These are in two completely non-overlapping categories at play: speech and violence. Even if you believe there is speech that deserves punishment or reprisal, actions from these categories should never cross over their boundaries. Speech should be responded to with more speech — that's all there is to it.
If the opinion of another upsets you so much that you feel an unquenchable rage, your response should be to pen the most scathing, bile and vitriol-filled letter of protest imaginable.
You should make cartoons of your own, blasting those who dared offend you. You should gather other writers and artists, create a magazine of your own, put it on the offending artists' doorsteps and say, “Look, here, this is what we think of you. How dare you.”
But, for people to say it is somehow understandable that, in place of that kind of response, these people got bullets and blood — that the violent offense simply comes with the territory of being a cartoonist — is not a middle ground that deserves our time.
Remember, I'm not talking about Islam, the Quran or any other book, faith or general ideology. I'm talking about one, specific idea — the idea that the penalty for openly mocking a person or a figure or an ideology can ever be death.
The moment you pick up a gun instead of a pen, you have lost the argument. You will win the war of flesh, surely. But, that thing you care about — the idea you defended — is lost. You lose the war of ideas when you stop using ideas as your artillery. Your idea is exposed as weak because it required an armed guard to defend it.
Let us, sadly, use that old, clichéd benchmark of indefensible evil: In the same way it really was okay to condemn the bad ideas of Nazism, it really is okay to condemn the bad idea of sacred cows and violent reprisal. It is not anti-progress, racist, ethnocentric or anything else to make this claim definitively.
To young people whose intentions are often simply to avoid repeating the tragic missteps or perspectives of our parents' parents throughout history, this is not the time to look for such nuance. It is a good thing to try and understand those who would do you violence.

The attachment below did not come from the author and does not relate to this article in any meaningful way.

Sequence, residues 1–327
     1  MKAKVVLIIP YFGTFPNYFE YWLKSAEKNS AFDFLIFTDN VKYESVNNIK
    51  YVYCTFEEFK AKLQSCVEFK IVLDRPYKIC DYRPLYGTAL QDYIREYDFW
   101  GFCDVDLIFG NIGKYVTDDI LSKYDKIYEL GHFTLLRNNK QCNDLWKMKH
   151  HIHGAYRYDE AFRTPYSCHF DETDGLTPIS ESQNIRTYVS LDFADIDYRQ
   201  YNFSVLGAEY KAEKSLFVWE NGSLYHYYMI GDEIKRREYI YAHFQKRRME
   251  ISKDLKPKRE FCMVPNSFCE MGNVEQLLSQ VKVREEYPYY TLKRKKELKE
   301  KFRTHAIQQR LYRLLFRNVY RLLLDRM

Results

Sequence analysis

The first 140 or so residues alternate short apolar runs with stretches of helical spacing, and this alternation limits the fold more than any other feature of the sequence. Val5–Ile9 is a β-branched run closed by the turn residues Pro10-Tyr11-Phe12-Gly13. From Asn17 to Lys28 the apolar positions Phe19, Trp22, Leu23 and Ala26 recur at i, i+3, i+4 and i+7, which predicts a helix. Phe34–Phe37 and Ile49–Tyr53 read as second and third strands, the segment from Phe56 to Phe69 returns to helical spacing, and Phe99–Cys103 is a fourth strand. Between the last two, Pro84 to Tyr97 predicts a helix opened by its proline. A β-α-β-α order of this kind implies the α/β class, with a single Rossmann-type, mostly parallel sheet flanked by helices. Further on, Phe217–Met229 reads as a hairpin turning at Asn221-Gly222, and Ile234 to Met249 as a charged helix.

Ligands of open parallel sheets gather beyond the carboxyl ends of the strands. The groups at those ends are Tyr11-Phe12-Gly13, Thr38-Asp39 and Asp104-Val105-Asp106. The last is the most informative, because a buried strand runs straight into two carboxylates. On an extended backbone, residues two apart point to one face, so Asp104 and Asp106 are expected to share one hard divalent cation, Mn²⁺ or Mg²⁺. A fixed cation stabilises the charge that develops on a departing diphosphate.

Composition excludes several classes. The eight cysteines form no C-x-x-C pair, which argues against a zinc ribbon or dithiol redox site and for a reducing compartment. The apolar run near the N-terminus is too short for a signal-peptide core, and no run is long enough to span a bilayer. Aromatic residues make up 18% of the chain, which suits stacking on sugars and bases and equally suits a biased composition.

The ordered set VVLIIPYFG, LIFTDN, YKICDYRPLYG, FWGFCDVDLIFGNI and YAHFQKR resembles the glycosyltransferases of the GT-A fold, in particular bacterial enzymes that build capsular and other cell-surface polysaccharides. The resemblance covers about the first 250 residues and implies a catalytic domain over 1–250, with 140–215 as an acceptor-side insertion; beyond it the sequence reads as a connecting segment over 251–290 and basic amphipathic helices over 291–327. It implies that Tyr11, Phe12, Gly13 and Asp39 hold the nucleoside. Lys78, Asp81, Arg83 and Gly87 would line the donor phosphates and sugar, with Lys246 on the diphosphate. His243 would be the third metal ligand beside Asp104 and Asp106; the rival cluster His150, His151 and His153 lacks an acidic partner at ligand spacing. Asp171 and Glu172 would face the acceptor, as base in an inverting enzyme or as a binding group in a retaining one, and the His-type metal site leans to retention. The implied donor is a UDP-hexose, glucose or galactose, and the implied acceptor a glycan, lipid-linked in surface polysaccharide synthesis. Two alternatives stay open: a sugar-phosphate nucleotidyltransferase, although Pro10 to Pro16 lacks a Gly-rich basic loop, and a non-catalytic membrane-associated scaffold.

And, there are places where pure empathy is important. We should look harder at our wars, foreign policy, leaders, personal prejudices, heteronormativity, bigotry, patriarchy, homophobia, transphobia, xenophobia, Islamophobia, tribalism and racism. These are issues that contain nuance and require open and rigorous discourse and empathy.
But, balanced discourse is exactly what is at stake here.
If free speech succumbs to blackmail, these other dominos will fall, as well, because there will be a subset of the population that cannot speak. We need not muddy these specific waters to make them seem deep. We need not try to look for a defensible position on the side of those who killed the Charlie Hebdo employees and police officials.
It is a fallacy that just because there are two sides to an issue, both sides are equally valid.
If, as Jon Stewart said, we are on “team civilization,” we can say the side that picks up guns and kills people in response to a cartoon is wrong, no matter what or whom the cartoon depicts.
Disclaimer: The views and opinions expressed in this article are those of the author and do not reflect the official position of Elite Daily.
Subscribe to Elite Daily's official newsletter, The Edge, for more stories you don't want to miss.